Back in another era, at the end of 2019, I was writing one of those end-of-year prediction posts, and I decided to say something about the future of the Internet. I don’t regard myself as especially bold when it comes to predictions – unlike the inspiration for my post, the inventor of the Ethernet, Bob Metcalfe. Metcalfe famously predicted the collapse of the Internet in 1995 and publicly ate his printed words when proven wrong. My prediction was “I confidently predict that the Internet is not going to collapse in my lifetime”, which on reflection was a bolder statement than I realised at the time.
Little did I know how much the world would change in a few months after I made the above prediction. As COVID-19 spread across the globe, a large proportion of the world’s workforce moved to working from home, Zoom and Slack became primary means of communication for knowledge workers, and online video streaming – which was already 60% of Internet traffic pre-COVID – suddenly became massively more important to hundreds of millions of people.
Adding capacity in advance
To the surprise of many, the Internet has handled this incredibly well. The Atlantic did a good piece on this, pointing out that it was built to withstand a wide range of failures (although the claim that it was supposed to withstand nuclear war has been well debunked). There are a lot of reasons the Internet has fared so well, including the pioneering work on congestion control that I touched on in my pre-COVID post. But another aspect jumped out at me as I read The Atlantic: The Internet has generally been built with a lot of free capacity. This might seem wasteful, and it’s not how we build most other systems. Highways near major cities, for example, are normally full or over capacity at rush hour, and whenever a new lane is added to increase capacity, it’s not long before new traffic arrives to use up that capacity.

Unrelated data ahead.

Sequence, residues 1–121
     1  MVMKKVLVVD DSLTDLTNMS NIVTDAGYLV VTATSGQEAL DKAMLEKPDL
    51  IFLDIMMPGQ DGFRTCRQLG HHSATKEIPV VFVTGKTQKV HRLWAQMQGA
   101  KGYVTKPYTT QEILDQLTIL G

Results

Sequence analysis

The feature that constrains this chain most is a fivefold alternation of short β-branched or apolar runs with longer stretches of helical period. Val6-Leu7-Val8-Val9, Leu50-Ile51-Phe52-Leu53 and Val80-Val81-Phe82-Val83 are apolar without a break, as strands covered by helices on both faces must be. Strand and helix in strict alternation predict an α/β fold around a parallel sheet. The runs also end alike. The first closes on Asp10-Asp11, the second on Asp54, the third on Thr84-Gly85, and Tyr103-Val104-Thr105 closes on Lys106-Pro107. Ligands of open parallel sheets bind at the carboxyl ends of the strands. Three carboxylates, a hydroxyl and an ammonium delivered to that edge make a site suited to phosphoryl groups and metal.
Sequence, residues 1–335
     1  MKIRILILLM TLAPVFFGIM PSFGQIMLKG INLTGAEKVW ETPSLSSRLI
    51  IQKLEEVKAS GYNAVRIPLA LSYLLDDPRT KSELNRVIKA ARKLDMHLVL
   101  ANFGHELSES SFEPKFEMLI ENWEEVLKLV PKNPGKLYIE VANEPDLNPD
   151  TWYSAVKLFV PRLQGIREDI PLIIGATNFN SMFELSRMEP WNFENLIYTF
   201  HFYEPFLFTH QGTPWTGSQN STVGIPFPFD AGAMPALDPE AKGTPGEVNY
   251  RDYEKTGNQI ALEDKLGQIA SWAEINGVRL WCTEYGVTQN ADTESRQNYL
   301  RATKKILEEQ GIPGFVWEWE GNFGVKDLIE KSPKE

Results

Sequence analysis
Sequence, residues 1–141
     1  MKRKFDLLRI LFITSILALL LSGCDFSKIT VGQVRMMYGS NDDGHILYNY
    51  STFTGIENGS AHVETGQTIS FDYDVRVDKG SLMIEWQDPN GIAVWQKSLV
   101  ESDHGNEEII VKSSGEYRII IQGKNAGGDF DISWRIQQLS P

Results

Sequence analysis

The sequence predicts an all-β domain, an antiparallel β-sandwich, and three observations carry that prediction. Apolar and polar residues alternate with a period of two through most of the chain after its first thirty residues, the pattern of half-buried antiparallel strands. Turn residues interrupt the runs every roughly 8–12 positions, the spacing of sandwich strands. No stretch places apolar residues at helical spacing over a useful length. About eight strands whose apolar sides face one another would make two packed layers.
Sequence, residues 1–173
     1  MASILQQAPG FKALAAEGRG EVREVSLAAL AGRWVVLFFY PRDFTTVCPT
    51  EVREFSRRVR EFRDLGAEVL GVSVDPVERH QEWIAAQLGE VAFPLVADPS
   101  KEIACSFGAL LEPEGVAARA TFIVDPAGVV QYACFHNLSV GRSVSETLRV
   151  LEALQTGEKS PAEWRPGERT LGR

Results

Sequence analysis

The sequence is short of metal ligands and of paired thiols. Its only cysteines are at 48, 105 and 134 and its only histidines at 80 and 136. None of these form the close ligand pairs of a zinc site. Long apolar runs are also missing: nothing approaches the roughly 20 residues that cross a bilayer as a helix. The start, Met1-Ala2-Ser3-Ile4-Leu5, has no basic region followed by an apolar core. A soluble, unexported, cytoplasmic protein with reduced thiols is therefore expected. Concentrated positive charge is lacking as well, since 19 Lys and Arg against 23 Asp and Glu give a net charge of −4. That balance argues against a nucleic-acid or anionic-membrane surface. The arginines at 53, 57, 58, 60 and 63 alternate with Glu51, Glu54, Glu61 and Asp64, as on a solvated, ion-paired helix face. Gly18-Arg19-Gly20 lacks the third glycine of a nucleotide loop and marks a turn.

Part of the reason that the Internet tends to have a lot of free capacity is because we have come to expect the growth rate of traffic to increase so rapidly that capacity must be continually added in advance of traffic load. From 2014 to 2020, AT&T’s network traffic grew from 56 petabytes per day to 426 petabytes per day – roughly doubling every two years. If your traffic load is growing that fast, you always need to be planning to be ahead of that growth – installing new fibre, upgrading switches and so on – in anticipation of the new traffic that will arrive soon.
But there is another interesting bit of Internet history that comes into play when you try to plan for growth in the traffic on the network, and this concerns traffic models. Just like road traffic, Internet traffic is not constant from one hour to the next – or even from one second to the next. When I started my networking career in the 1980s, researchers were just starting to develop models of how Internet traffic behaves. Models for the telephone network were well established, had proven to be robust, and relatively straightforward to analyse – therefore, some of the early models for the Internet (and other packet-switching networks) simply borrowed ideas from the telephony world. These models also apply to lots of systems in the real world, such as people arriving to join a queue at a bank.